H.G. Wells once famously stated that, “Statistical thinking will one day be as necessary for efficient citizenship as the ability to read and write.” It should also be noted that Wells is recognized as the father of science fiction.
Students in the Master of Criminal Justice program are being trained to apply the science of statistics in their careers. Statistics (CRJU5004) became a required core course in the MCJ program 2 years ago, but students aren’t suffering through the dry, deadly-dull teaching methods that many associate with statistics (and, likely, math in general). Instead, they’re acting as consultants.
Part of the statistics class taught by Assoc. Prof. Callie Rennison involves role playing where students pair up and develop their own consulting agency identity. Students then use real-world statistics and scenarios to prepare class presentations for fictional clients. “It really engages students and makes them excited about statistics,” says Rennison.
A recent Monday evening class had student consultants presenting on issues ranging from the validity of the RateMyProfessors.com “hotness” rankings, to whether money spent on crime prevention programs is effective, to the relationship between gender and physical characteristics of faculty and compensation — among others.
This class session included a twist: students presented to actual representatives from the State Court Administrator’s Office who were on hand to ask questions and offer advice to the presenters. In addition, students could network with the guests at the end of class and inquire about potential capstone projects or internships. The guests included:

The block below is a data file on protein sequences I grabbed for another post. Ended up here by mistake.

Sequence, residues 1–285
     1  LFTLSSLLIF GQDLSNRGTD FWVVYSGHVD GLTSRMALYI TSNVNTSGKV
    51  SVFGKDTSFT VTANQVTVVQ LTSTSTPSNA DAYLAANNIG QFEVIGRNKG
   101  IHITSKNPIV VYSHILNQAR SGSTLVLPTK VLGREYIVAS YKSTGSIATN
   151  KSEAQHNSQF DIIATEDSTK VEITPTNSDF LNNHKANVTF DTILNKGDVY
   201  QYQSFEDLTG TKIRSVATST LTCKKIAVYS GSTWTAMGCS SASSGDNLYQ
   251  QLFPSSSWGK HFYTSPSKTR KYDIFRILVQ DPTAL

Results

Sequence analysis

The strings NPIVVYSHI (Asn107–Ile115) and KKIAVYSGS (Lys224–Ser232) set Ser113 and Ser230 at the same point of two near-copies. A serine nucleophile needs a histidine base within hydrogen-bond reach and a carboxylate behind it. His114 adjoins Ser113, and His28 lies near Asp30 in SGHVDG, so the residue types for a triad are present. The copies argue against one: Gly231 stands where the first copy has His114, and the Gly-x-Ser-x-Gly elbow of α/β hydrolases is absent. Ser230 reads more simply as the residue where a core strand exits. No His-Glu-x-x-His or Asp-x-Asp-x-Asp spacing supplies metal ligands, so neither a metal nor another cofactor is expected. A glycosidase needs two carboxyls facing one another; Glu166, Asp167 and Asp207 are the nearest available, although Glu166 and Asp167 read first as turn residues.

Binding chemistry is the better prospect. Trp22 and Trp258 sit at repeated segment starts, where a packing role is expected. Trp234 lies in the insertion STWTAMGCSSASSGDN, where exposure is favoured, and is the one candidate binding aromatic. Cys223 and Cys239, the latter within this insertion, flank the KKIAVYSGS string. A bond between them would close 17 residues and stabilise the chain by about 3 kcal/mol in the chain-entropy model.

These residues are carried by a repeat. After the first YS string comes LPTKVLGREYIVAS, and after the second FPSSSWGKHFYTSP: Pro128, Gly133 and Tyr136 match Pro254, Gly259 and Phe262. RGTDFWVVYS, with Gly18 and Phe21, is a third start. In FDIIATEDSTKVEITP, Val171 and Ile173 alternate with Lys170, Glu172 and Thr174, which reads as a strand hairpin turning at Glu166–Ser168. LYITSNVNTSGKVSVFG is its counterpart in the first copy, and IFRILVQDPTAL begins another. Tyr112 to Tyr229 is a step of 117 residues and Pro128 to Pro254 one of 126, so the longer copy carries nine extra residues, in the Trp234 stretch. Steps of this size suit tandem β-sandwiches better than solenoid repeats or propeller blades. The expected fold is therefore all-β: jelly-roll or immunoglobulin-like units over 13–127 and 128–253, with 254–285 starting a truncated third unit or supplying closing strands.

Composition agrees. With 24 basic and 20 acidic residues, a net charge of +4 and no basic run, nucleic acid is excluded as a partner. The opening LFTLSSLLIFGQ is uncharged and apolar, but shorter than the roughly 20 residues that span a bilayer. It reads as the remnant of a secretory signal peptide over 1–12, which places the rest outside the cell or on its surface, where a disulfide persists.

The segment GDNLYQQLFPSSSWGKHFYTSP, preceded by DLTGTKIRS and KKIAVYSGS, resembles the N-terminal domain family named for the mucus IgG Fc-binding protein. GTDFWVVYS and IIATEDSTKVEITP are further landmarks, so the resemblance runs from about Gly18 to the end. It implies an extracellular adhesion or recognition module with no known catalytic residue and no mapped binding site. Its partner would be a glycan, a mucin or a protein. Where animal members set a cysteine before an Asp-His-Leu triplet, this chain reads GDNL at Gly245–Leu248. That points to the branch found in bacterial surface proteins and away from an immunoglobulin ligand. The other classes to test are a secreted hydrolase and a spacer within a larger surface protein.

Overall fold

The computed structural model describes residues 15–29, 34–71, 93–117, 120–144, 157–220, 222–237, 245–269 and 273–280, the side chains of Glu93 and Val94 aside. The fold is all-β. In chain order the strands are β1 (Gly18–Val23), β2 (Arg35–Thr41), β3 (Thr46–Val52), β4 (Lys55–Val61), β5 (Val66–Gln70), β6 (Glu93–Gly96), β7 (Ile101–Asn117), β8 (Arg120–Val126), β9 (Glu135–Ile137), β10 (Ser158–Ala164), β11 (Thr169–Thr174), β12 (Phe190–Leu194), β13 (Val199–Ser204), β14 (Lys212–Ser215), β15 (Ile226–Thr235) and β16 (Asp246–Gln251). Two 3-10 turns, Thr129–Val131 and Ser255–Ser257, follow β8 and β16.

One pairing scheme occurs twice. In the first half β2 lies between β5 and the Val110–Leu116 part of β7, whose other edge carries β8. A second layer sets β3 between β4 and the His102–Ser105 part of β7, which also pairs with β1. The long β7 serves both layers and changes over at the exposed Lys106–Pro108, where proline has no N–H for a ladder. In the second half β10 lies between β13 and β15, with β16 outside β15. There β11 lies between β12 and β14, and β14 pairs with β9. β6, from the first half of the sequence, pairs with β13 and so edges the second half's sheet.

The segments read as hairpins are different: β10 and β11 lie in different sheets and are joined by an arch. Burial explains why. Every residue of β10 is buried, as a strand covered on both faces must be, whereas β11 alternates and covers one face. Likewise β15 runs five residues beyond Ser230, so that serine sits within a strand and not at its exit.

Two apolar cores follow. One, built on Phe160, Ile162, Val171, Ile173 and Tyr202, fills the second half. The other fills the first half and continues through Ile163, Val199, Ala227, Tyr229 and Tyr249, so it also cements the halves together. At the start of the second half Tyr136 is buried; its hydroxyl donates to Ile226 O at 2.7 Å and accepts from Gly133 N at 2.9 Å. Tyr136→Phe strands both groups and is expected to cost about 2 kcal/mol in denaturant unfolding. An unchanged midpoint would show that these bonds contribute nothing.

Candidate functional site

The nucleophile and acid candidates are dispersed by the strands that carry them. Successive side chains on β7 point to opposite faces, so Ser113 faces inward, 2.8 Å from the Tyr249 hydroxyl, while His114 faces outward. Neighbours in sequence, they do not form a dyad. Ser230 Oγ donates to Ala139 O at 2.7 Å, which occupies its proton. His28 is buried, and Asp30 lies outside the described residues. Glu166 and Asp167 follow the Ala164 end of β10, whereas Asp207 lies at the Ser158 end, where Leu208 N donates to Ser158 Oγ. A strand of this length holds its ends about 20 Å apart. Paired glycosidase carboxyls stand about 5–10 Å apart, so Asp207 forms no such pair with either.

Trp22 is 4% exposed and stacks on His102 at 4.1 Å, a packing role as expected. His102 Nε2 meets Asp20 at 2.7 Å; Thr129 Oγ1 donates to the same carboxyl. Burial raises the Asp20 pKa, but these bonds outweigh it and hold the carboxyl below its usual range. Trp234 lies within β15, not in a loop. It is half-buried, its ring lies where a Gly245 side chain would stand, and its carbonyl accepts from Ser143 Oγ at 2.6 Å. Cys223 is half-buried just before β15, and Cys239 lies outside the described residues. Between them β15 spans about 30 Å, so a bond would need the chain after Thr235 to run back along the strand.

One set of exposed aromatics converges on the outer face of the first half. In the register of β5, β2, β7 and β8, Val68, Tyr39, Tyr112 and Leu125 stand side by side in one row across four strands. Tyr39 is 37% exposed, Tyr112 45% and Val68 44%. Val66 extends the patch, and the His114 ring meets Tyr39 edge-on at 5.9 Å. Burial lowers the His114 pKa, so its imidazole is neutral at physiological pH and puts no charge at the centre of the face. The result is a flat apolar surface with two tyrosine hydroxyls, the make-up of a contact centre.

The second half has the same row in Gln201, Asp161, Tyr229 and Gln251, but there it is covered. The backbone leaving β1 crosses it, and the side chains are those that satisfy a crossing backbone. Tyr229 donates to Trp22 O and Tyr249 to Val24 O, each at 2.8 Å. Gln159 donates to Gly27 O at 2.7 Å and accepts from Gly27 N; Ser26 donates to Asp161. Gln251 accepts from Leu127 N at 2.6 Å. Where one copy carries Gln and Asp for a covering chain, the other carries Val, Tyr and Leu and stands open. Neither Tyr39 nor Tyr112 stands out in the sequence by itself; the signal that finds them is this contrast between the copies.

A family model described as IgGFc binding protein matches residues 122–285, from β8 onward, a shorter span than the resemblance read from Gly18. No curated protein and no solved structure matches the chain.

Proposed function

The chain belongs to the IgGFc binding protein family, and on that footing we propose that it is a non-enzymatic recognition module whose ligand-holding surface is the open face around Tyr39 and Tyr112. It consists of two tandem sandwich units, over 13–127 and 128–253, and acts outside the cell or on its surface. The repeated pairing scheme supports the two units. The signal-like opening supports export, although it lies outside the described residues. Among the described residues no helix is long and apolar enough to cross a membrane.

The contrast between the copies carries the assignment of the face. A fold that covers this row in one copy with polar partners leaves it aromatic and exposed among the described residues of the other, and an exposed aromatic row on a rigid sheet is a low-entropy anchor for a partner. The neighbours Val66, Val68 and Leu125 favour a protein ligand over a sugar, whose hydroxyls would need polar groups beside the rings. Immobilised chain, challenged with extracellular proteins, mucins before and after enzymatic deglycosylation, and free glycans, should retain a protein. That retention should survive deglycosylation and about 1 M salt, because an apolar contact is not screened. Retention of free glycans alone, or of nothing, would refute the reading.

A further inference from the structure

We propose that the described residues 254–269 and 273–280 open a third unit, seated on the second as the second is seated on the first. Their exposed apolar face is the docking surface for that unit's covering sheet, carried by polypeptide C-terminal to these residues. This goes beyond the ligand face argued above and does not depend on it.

- Erin Crites, Probation Analyst, Division of Probation Services
- Jessica Johnston, Research and Data Unit Manager, Court Services Division
- Amy Kingery, Court Programs Analyst, Court Services Division
- Mallory Nassau, Court Programs Analyst, Court Services Division
- Alison Young, Court Improvement Program Coordinator, Court Services Division
Mallory is a SPA MCJ alum who was in the first required statistics course. That class helped lead to her current position in the SCAO.
The 10 students — Maria Barco, Michael Davis, Claudia Gaeta, Kevin Hemminger, Kate Jimmerson, Amanda Launer, Zana Morris, Samantha Preslan, Eric Wiggam and Arlene Wilson — did a great job of explaining their topic and presenting findings. Prof. Rennison played the role of skeptic, asking presenters questions about their assumptions and why their findings were relevant: “Why should anyone care about this?” None of the questions were meant to put students on the spot, but rather to get them to think about the validity of the information they presented and what it might overlook.
“Always begin by describing the characteristics of your sample,” coached Rennison. “That helps people better understand what your data includes and excludes, and provides additional context for the findings you present.”
View photos of student presenters and class guests in the slideshow below.